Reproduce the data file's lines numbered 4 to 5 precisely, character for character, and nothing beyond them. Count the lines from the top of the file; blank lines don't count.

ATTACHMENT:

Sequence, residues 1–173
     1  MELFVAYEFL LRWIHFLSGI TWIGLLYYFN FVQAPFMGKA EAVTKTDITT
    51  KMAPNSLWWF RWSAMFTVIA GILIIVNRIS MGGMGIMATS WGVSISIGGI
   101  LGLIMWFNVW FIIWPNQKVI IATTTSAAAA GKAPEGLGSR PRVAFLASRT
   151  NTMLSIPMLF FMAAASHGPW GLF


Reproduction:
   101  LGLIMWFNVW FIIWPNQKVI IATTTSAAAA GKAPEGLGSR PRVAFLASRT
   151  NTMLSIPMLF FMAAASHGPW GLF